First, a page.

Case StudiesCase series evaluation: the use of Durafiber on exuding wounds

Case series evaluation: the use of Durafiber on exuding wounds

Exudate Management, Leg Ulcers, Pressure Ulcers, Research, Skin integrity

SUMMARY OF CASES 1-10

Wound type and patient characteristics
Of the 10 individual cases comprising the overall report, there were a total of five males and five females included, with the youngest patient observed being 69, while the oldest was 97 years of age. The average age of patient was 81.8.

A range of aetiologies and wounds were involved in the study, including venous leg ulcers, mixed aetiology ulcers, pressure ulcers, foot ulcers and a failed graft site.

 

Dressing performance
Clinical feedback determined that the experiences of using Durafiber were, overall, very good when considering a range of factors.

Clinicians were asked to evaluate the following areas:

  • Ease of application
  • Ability to conform to the wound bed
  • Ability to handle exudate
  • Patient comfort during wear
  • Ease of removal
  • Ability of dressing to remain intact during removal
  • Wear time.

For each of these categories, the clinician was then asked to rate Durafiber as being either: 'poor', 'fair', 'good', 'very good' or 'excellent'. It was found that for each parameter, the majority of clinicians had rated the dressing as either 'very good' or 'excellent' (see Table 1).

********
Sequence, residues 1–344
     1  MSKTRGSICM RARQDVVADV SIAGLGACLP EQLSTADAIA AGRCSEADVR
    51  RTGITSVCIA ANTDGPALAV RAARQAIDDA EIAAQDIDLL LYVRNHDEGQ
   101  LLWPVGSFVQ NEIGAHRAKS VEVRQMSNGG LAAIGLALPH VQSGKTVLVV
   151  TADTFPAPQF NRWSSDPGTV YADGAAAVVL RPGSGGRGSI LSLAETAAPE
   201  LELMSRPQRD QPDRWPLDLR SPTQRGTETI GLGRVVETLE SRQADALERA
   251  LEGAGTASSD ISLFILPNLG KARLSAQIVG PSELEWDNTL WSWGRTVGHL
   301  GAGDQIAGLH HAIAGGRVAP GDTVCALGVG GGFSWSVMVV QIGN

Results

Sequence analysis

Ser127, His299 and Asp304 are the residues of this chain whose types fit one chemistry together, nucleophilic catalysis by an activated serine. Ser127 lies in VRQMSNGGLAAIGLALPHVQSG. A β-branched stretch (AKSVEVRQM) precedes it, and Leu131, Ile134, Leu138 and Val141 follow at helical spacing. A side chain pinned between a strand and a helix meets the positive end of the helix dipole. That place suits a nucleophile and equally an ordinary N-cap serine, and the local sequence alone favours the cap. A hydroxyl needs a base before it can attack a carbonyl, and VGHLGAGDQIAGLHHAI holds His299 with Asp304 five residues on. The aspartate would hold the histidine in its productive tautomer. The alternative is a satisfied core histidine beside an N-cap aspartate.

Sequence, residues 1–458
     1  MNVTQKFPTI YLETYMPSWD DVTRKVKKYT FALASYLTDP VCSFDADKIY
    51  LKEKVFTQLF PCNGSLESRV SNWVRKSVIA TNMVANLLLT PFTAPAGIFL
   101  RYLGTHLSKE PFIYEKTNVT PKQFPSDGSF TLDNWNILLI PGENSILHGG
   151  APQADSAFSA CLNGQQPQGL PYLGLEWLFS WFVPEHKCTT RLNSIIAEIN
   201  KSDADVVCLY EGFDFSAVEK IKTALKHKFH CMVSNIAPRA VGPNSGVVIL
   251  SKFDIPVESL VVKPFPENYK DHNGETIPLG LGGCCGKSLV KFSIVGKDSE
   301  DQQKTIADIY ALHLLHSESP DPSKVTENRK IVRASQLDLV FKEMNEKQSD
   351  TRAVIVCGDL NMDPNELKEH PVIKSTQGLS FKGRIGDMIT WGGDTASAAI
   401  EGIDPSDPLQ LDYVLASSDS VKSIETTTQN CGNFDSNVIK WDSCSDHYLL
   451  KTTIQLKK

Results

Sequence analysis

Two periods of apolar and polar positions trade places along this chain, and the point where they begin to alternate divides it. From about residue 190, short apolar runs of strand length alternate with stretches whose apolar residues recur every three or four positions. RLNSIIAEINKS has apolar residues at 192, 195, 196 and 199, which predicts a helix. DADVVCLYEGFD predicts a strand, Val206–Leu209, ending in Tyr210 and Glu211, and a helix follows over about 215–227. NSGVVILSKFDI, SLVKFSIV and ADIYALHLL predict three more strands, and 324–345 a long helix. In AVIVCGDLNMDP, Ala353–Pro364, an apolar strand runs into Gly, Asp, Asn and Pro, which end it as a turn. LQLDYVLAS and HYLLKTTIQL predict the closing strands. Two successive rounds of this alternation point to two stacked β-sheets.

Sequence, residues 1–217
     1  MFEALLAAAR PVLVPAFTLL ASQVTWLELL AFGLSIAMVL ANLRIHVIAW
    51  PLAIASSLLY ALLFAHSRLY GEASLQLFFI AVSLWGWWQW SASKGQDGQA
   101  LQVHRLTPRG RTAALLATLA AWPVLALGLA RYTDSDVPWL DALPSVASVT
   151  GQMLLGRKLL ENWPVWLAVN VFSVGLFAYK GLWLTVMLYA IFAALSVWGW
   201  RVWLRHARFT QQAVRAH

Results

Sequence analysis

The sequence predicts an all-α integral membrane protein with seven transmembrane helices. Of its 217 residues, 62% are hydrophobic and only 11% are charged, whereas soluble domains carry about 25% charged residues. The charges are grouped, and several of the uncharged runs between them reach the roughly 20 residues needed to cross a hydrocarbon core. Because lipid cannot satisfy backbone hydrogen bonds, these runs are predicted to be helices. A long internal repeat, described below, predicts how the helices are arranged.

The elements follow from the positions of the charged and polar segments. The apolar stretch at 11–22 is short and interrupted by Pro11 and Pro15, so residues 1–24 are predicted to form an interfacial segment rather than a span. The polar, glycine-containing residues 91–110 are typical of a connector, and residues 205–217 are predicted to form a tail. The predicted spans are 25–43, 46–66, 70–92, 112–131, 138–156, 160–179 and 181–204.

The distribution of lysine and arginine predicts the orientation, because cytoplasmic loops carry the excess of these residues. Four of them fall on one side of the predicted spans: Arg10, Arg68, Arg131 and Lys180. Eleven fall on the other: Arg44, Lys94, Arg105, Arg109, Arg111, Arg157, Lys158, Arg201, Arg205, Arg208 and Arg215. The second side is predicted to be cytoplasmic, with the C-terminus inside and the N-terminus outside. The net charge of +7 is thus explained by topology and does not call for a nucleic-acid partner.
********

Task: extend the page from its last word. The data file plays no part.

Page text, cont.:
Further investigation in this area could focus on the evaluation of Durafiber using a standardised secondary dressing regime, in order to better understand the frequency of dressing changes.

 

CONCLUSION
Exudate, comformability and pain present significant management problems for the wound care clinician. These case studies demonstrate that Durafiber has the capability to contain high exudate levels as well as providing patient comfort and lack of pain on removal, due to its gelling structure and lack of adhesive.
In a era when wound care is increasingly prominent on the government's health agenda, it is vital that clinicians have access to evidence-based wound care that can improve the quality of life of their patients. Wuk

This publication was supported by an unrestricted medical grant from
Smith & Nephew 36875
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